A Vanderbilt study suggests voters who are bigoted against Mormons are more likely to believe that Mitt Romney is a flip-flopper.
According to Vanderbilt political scientist John Geer, a co-author of the study,
There is no question that Romney has changed his positions on some issues, but so have some of the other candidates. Why does the label stick to Romney but not his opponents? At least some of the answer lies in Romneyâ€™s Mormon beliefs.
Romney certainly has changed his opinion on several issues in his transition from Massachussetts politics to national politics. And he has certainly been less adroit (or more forthright, depending on who you ask) about his position changes than some of his opponents have. But what he isn’t is unique. Thompson is a very recent arrival to the immigration issue, has backed away from the McCain-Feingold legislation that he once sponsored, and has tried to conceal his shift on abortion post-2000. McCain has backed down on immigration after taking a beating on it, and has reversed himself on the Bush tax cuts. Huckabee has gone from being a fairly open borders governor to advocating perhaps the strictest immigration plan of all the candidates (including attacks on birthright citizenship). Giuliani has backed away from gay marriage, public abortion funding, and support for partial birth abortion, all within the last year or so.
So while I think Romney deserves quite a bit of the flack he’s catching for “flip-flopping,” I think the sustained ferocity of the attacks, and the pass his opponents get, probably need some explanation. I’m willing to believe that for at least some people, the flip-flopping charge seems more probable because they don’t like Mitt Romney’s Mormonism, or is a more acceptable way to express animus against Romney for his Mormonism. I have noticed that commenters like Rod Dreher, Daniel Larison, and Ross Douthat who are the most persuaded that Mormonism isn’t Christian or otherwise respectable are also the most persuaded that Romney is willing to say or do anything to win the election. I have also noticed, as a coblogger has pointed out, that the attacks on Romney are interestingly parallel to the modern anti-Mormon charge that Mormons are slippery, use words deceptively, try to cover up their past and change it to be more appealing to the mainstream, etc.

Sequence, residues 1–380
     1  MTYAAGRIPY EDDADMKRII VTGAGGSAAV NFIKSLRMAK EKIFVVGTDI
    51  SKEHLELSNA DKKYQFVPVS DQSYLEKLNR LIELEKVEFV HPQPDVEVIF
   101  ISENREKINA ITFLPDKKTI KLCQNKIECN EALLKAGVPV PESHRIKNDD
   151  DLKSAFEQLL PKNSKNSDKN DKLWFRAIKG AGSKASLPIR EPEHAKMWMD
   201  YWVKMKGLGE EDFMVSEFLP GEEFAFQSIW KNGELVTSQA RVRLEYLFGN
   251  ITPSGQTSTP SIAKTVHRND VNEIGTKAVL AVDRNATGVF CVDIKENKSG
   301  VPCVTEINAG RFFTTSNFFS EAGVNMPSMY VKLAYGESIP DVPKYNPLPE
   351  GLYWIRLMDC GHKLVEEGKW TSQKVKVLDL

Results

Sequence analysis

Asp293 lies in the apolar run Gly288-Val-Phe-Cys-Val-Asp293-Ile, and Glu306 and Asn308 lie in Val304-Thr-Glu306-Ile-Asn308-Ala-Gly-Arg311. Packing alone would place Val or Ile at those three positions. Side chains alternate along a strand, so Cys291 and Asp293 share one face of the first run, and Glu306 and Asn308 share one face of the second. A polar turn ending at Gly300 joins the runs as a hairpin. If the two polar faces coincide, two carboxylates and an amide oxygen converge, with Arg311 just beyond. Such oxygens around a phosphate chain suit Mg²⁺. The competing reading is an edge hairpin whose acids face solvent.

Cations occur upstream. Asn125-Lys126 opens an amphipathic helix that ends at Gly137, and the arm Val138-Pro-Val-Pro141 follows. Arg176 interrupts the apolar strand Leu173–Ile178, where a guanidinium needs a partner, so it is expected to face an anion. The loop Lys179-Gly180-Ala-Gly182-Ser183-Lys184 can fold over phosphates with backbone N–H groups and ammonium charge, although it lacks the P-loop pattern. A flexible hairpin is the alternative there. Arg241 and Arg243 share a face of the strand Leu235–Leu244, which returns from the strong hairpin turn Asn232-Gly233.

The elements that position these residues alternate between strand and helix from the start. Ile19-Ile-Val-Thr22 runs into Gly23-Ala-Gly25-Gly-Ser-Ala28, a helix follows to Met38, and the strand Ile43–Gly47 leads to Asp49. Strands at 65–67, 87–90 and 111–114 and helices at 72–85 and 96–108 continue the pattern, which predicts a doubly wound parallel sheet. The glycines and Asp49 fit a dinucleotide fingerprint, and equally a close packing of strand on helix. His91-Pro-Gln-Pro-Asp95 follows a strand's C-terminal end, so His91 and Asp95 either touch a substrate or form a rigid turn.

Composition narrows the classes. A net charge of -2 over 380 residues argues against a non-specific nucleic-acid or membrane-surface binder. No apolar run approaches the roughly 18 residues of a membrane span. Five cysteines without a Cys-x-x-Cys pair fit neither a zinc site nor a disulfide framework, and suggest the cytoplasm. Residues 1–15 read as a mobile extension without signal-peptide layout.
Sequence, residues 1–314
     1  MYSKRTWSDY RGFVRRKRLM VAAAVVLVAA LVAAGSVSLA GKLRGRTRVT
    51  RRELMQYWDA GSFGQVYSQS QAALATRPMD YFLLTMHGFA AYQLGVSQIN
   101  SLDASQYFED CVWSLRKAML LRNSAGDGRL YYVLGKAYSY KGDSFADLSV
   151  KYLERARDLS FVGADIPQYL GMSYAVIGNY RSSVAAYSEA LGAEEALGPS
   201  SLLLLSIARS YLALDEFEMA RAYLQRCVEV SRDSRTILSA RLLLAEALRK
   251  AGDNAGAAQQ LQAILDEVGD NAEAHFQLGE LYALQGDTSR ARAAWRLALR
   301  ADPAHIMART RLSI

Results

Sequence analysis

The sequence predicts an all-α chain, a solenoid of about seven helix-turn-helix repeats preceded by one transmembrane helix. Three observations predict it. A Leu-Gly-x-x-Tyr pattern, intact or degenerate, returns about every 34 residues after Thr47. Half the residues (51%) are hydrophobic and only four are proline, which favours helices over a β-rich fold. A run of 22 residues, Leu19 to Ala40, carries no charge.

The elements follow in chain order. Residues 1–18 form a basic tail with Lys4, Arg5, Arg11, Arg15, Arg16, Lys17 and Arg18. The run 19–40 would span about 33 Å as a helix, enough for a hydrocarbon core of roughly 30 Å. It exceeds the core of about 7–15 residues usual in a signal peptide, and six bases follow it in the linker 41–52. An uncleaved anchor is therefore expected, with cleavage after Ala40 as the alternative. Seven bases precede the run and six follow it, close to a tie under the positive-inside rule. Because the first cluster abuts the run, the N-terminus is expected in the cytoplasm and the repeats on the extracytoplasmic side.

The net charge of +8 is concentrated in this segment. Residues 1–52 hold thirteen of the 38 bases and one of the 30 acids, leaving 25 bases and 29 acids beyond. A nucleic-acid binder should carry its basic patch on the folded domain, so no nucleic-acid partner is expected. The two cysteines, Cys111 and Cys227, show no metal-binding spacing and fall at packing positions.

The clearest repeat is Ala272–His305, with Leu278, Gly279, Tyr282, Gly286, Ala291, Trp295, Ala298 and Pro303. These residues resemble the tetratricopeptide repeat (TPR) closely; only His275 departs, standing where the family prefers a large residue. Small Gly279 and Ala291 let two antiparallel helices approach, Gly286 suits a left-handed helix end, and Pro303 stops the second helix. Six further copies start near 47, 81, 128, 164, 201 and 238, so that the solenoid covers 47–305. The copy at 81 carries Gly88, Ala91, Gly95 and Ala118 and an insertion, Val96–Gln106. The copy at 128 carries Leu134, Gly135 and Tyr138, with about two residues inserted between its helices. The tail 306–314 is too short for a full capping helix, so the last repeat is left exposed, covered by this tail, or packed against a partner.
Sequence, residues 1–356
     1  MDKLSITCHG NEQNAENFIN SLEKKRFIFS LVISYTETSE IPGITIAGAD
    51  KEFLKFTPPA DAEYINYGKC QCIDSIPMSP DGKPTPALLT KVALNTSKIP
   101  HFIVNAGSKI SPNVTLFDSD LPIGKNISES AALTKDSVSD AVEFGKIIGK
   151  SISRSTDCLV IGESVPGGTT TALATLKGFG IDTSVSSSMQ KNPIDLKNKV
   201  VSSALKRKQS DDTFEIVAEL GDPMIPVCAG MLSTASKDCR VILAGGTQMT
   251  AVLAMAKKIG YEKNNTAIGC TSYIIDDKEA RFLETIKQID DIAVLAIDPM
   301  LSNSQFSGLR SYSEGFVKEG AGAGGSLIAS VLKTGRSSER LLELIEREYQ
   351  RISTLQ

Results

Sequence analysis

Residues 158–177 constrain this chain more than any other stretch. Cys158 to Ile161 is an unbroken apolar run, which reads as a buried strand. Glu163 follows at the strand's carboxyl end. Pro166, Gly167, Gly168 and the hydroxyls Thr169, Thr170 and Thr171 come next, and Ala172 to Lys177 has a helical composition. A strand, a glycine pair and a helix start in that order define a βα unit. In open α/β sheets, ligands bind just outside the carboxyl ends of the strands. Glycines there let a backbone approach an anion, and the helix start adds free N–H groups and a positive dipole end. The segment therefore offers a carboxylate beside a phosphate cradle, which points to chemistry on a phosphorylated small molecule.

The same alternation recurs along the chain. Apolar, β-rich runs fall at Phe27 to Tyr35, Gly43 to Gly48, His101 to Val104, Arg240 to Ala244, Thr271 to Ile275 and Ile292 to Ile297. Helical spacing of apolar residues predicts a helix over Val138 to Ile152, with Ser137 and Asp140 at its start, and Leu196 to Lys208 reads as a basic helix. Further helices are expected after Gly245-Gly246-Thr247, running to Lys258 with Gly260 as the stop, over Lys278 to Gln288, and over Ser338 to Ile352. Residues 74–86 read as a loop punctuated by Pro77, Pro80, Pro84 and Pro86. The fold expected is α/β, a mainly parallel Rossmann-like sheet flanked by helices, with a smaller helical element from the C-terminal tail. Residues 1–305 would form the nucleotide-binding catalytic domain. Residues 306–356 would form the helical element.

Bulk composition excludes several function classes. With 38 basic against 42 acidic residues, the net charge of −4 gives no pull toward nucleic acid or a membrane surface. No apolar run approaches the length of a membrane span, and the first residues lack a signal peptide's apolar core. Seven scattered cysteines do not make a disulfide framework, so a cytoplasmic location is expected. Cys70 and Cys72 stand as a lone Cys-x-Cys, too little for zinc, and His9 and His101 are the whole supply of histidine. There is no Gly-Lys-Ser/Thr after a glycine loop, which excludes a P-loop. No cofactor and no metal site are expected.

On the other hand, no one should think that the flip-flopping charge is merely underground anti-Mormonism. Romney has changed his opinion on abortion, immigration, and other issues, and he has done so extra-ordinarily forthrightly and maladroitly. I personally believe the flip-flopping charge is over-rated but its a little part of the reason I have become more or less a Thompson supporter in the (increasingly unlikely) hope that he’d at least be able to make a stand in South Carolina, if nowhere else.
And, really, no one should get too exercised about this sort of muted prejudice. Even the fact that bigots would have to conceal their bigotry, perhaps even to themselves, is a sign of progress.
I’m not interested in arguments about whether Romney or the others really flip-flopped. I’ll happily delete those comments. There are already a million just like them already on the web. Have at it. Don’t have time to police comments today.